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The importance of civil participation of women in the current election campaign

Translated by the Women’s Coalition Translation Team

Thursday 21 May 2009, by admin

All the versions of this article: [Deutsch] [English]

feminist school:The coalition of Iranian women has entered the debate pertaining to the tenth presidential election campaign with these two specific and pivotal demands:

1. Making Iran a state-party to the United Nations Convention on the Elimination of All Forms of Discrimination against Women (CEDAW)

2. The elimination of the discriminatory laws against women, specifically through the revision of articles 19, 20, 21, and 115 of the Constitution, so that these would unconditionally address the principle of gender equality.

The following are excerpts from two articles written by Iranian women’s rights activists, which emphasize the importance of civil participation of women in the current election campaign.

Noushin Ahmadi Khorasani: Holding “elections†creates a relatively open atmosphere in Iranian society, even if with obvious limits and boundaries. Nevertheless, activists and activism-oriented forces could, to a certain extent, shift these limits and boundaries and expand the given space. This opening up of the space does not only and necessarily occur through giving support to a specific faction or candidate. In Iran the campaign period is very short. Therefore, social activists have very little time in which to be effective, and this predicament suits the undemocratic governments who hold such elections. To bring about “change†, however small, the ability to recognize and seize such “chances†is of paramount importance.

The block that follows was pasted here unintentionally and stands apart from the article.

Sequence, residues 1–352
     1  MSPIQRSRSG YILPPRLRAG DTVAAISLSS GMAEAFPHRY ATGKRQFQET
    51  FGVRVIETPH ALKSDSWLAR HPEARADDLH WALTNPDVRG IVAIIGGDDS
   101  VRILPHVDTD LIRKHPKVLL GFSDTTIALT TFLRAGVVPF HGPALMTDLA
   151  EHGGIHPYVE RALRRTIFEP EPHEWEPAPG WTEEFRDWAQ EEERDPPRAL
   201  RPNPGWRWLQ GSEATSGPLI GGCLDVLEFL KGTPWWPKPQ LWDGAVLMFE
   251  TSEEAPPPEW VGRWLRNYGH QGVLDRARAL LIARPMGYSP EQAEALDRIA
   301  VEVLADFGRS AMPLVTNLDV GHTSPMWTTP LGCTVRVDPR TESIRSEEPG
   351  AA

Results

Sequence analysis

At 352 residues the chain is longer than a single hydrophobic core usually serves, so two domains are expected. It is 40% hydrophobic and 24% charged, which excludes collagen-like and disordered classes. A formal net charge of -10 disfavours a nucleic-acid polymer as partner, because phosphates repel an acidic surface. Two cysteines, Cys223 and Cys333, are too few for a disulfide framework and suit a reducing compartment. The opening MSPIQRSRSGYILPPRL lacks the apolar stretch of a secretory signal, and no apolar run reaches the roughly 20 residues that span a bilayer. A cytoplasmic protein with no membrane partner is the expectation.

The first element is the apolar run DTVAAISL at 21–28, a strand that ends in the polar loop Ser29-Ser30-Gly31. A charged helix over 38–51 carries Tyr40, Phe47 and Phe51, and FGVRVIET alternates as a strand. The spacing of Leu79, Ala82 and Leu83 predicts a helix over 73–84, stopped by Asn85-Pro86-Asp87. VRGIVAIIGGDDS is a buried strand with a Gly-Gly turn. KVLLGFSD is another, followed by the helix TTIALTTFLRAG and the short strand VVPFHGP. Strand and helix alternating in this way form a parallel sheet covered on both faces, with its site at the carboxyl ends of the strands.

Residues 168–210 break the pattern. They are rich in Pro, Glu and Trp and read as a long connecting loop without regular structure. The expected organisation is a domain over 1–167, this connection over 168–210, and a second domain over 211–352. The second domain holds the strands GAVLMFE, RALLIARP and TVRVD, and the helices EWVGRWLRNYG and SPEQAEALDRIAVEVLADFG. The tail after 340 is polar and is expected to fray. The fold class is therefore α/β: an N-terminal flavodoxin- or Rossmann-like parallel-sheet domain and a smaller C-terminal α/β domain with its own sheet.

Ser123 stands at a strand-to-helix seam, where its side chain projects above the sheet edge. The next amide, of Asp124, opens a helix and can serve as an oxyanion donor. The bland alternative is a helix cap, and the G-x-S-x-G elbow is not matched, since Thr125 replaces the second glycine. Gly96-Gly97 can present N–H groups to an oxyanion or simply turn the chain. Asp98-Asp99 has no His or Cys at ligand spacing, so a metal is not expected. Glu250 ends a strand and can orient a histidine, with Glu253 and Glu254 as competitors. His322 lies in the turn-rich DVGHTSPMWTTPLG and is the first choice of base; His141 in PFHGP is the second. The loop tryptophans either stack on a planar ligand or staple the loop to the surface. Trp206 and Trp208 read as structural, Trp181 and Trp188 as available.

Currently, a golden opportunity has presented itself to civil society activists and social forces, which, if used with intelligence and a long-term view towards the future, could facilitate collaborations and create further solidarity. Demand- centered social movements, specifically the women’s and students’ movements, have suffered from harsh, illegal, and violent treatments, which have resulted in the shrinking and disillusionment of their membership. This could be an opportunity for these movements to recover from past damages and setbacks and gain some ground.

Luckily, the women’s movement has been partly successful in taking advantage of this opportunity, and over 35 women’s and social justice groups and 600 activists and intellectuals have come together to form the “Coalition of Iranian Women Proclaiming Electoral Demands†.
Increasing their contact with the general public and setting up civil bases in Tehran and other provinces is another important step that civil activists could take in order to further affect change. Interestingly, there are electoral teams stationed in specific venues in Tehran and other provinces, which are accepted by the authorities, and bring together large numbers of young people. Thus, activists have opportunities to come into contact with far more young people than would otherwise, due to political restrictions, be possible.